Market difficult for unskilled workers

January 26, 2009 11:31:13 PM PST
The slumping economy is affecting companies nationwide and many are cutting thousands of jobs. The latest round of pink slips will affect nearly 30,000 Americans.

The companies include:

  • Caterpillar, which has already eliminated 15,000 jobs, will cut 5,000 more by March.
  • Sprint-Nextel will slash 8,000 jobs.
  • General Motors will lay off another 2,000 layoffs at plants in Michigan and Ohio.
  • Halliburton, the oil conglomerate, said it will make cuts too, but didn't provide details.

    Their job for now is to attend career and skills-building sessions at work2future. Today, they're learning how to network.

    Most are middle-aged, and almost a third of them worked in the retail sector.

    "If you look at that job level, it's very difficult because you're competing with a large number of people. When we say low skill, maybe high school degree and not a college degree, so there's a lot of competition out there," said San Jose State University Economics Professor Tom Means, Ph.D.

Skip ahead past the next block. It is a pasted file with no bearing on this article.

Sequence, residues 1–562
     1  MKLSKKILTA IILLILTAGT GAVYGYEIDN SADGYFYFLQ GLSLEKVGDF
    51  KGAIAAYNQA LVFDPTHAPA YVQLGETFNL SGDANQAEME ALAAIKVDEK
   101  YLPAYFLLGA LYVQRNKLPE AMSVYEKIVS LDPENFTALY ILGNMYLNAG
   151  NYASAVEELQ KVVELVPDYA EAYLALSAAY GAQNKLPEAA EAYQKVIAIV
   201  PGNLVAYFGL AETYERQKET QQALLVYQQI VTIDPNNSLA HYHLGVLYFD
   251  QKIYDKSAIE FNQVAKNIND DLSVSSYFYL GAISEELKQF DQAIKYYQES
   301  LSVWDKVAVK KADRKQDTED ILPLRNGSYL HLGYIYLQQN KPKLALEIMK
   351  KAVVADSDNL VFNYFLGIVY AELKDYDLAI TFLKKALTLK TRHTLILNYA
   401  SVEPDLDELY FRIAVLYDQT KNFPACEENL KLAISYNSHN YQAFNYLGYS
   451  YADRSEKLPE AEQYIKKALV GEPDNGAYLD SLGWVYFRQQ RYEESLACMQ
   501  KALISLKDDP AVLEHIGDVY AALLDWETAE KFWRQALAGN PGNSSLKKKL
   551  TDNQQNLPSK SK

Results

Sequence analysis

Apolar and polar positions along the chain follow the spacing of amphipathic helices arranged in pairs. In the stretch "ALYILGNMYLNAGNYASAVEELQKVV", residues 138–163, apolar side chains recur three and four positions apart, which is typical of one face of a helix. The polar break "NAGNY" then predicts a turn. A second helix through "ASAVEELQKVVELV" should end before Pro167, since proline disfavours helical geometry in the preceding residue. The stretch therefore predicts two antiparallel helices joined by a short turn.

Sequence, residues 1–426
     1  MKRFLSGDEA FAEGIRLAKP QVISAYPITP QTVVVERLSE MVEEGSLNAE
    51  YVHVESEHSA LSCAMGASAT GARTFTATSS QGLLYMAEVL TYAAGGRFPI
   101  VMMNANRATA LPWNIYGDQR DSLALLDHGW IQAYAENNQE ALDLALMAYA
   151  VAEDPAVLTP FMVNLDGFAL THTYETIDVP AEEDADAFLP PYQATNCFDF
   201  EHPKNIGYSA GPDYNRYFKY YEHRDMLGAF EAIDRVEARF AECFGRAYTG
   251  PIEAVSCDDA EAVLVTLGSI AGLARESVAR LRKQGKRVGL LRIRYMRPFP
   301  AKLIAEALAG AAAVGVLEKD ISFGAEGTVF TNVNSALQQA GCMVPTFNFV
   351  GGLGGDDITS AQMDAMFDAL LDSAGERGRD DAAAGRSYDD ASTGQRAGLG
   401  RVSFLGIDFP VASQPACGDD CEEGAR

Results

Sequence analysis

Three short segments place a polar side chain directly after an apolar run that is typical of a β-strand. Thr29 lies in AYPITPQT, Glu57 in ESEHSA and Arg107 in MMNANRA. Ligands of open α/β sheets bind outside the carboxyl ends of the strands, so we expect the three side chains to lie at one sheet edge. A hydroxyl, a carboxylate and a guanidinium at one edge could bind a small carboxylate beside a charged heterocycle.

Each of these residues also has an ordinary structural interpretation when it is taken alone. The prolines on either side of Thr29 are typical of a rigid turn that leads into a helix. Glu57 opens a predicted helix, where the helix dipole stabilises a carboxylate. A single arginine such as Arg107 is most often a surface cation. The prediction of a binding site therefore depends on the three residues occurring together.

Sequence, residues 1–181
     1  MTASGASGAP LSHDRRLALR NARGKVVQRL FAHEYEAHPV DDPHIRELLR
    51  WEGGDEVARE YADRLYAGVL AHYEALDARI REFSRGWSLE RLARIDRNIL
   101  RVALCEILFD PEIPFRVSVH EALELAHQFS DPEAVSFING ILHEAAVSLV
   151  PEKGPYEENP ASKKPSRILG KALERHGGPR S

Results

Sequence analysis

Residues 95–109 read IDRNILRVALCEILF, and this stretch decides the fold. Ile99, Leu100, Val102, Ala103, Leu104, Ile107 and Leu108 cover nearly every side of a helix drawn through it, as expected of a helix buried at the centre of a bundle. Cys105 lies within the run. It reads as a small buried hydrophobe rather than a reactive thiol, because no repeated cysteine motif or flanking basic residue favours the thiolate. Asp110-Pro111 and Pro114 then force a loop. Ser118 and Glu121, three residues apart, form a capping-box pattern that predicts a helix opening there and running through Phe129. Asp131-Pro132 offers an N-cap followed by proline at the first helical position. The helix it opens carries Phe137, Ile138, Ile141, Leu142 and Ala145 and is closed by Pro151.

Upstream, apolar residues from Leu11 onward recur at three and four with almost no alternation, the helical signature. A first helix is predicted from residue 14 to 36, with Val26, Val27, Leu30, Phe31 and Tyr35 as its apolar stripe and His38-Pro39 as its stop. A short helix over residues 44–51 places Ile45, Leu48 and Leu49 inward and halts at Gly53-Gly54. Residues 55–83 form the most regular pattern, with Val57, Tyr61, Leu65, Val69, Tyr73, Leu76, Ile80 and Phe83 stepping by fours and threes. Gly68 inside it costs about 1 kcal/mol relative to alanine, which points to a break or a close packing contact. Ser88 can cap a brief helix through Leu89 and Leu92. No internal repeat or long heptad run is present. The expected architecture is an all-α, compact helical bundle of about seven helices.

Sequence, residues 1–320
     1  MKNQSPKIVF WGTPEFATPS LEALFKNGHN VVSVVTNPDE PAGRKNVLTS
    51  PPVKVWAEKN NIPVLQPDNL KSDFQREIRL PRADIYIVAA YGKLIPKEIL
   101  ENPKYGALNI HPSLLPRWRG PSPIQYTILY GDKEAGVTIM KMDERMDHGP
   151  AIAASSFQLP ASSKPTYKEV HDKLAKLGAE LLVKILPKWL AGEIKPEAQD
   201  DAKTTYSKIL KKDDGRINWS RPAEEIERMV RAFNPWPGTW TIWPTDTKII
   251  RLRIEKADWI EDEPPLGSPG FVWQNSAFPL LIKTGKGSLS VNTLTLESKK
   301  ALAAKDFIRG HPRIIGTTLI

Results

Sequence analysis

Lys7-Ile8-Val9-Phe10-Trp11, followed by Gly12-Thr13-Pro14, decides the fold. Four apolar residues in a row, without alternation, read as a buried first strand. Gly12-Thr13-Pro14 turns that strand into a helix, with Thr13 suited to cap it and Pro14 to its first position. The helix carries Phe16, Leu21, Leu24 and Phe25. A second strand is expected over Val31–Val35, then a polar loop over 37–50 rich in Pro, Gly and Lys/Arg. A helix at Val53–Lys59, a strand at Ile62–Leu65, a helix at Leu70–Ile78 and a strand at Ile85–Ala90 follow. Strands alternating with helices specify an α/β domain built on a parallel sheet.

And the competition for jobs will be growing.

    About 44 percent of the companies in a nationwide survey say they've laid off workers this month, compared to 14 percent that added jobs. The survey of 104 companies was conducted by the National Association for Business Economics.

    Over the next six months, 39 percent of the respondents expect to cut jobs, either through attrition or significant layoffs. So unemployment can be an opportunity to take skills-building classes, or to change careers.

    However, for some, the urgent need to replace a lost paycheck can't wait.

    Jeff Ruster is executive director of work2future, a partnership of government and private industry to provide job development services.

    "One of the challenges we do see is that people do have a lot of financial obligations, and so there may be some opportunities that can offer higher-wage opportunities, but it's that choice between do I take that survival job and I can get a paycheck, or do I invest in the training that I can get that may take away from my ability to earn income for the moment," said Ruster.

    With so many retail jobs evaporating at one time, economists say low-wage workers may not find a replacement job quickly.

    "Economic recovery does not mean economic health. It will take quite a while to recover to the point where the unemployment rate is again down where it was a year ago," said Comerica Bank Chief Economist Dana Johnson, Ph.D.

    For many of the unemployed, it's going to be a long road ahead with a new job possibly six months to a year away.